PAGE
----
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Security: NPM, IT Security Lessons from the Marriott Data Breach, and Secure SHell

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Security
  • event-stream, npm, and trust

    Malware inserted into a popular npm package has put some users at risk of losing Bitcoin, which is certainly worrisome. More concerning, though, is the implications of how the malware got into the package—and how the package got distributed. This is not the first time we have seen package-distribution channels exploited, nor will it be the last, but the underlying problem requires more than a technical solution. It is, fundamentally, a social problem: trust.

    Npm is a registry of JavaScript packages, most of which target the Node.js event-driven JavaScript framework. As with many package repositories, npm helps manage dependencies so that picking up a new version of a package will also pick up new versions of its dependencies. Unlike, say, distribution package repositories, however, npm is not curated—anyone can put a module into npm. Normally, a module that wasn't useful would not become popular and would not get included as a dependency of other npm modules. But once a module is popular, it provides a ready path to deliver malware if the maintainer, or someone they delegate to, wants to go that route.

  • IT Security Lessons from the Marriott Data Breach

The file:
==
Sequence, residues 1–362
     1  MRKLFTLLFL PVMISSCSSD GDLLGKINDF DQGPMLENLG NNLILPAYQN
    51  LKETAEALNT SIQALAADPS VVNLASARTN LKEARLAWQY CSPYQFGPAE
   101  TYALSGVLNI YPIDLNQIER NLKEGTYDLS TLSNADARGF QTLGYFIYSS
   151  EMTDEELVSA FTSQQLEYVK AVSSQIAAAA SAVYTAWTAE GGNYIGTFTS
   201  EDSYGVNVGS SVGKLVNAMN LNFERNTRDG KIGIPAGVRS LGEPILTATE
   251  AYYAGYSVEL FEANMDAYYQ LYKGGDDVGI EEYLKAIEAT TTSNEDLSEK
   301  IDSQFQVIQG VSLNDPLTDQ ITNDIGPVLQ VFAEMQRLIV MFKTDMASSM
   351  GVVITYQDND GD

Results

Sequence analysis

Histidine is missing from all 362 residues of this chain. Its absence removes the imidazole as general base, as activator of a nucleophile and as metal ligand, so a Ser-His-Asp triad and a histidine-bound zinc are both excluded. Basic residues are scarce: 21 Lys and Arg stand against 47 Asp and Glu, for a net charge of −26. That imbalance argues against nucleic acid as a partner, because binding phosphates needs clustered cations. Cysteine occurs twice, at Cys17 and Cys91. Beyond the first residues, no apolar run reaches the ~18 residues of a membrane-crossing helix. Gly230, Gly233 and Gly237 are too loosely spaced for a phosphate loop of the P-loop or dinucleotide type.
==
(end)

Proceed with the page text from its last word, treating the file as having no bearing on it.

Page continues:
A number of data breaches have been disclosed over the course of 2018, but none have been as big or had as much impact as the one disclosed on Nov. 30 by hotel chain Marriott International.

    A staggering 500 million people are at risk as a result of the breach, placing it among the largest breaches of all time, behind Yahoo at 1 billion. While the investigation and full public disclosure into how the breach occurred is still ongoing, there are lots of facts already available, and some lessons for other organizations hoping to avoid the same outcome.

  • The Dark Side of the ForSSHe: Shedding light on OpenSSH backdoors

    SSH, short for Secure SHell, is a network protocol to connect computers and devices remotely over an encrypted network link. It is generally used to manage Linux servers using a text-mode console. SSH is the most common way for system administrators to manage virtual, cloud, or dedicated, rented Linux servers.

    The de facto implementation, bundled in almost all Linux distributions, is the portable version of OpenSSH. A popular method used by attackers to maintain persistence on compromised Linux servers is to backdoor the OpenSSH server and client already installed.

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Security: Polkit, CSP, Ansible and Router Hardening Checklist

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  • Why is your site not using Content Security Policy / CSP?
    Yesterday, I had the pleasure of watching on Frikanalen the OWASP talk by Scott Helme titled "What We’ve Learned From Billions of Security Reports". I had not heard of the Content Security Policy standard nor its ability to "call home" when a browser detect a policy breach (I do not follow web page design development much these days), and found the talk very illuminating. The mechanism allow a web site owner to use HTTP headers to tell visitors web browser which sources (internal and external) are allowed to be used on the web site. Thus it become possible to enforce a "only local content" policy despite web designers urge to fetch programs from random sites on the Internet, like the one enabling the attack reported by Scott Helme earlier this year.
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    CVE-2018-16859. A vulnerability in Red Hat Ansible could allow a local attacker to discover plaintext passwords on a targeted system.
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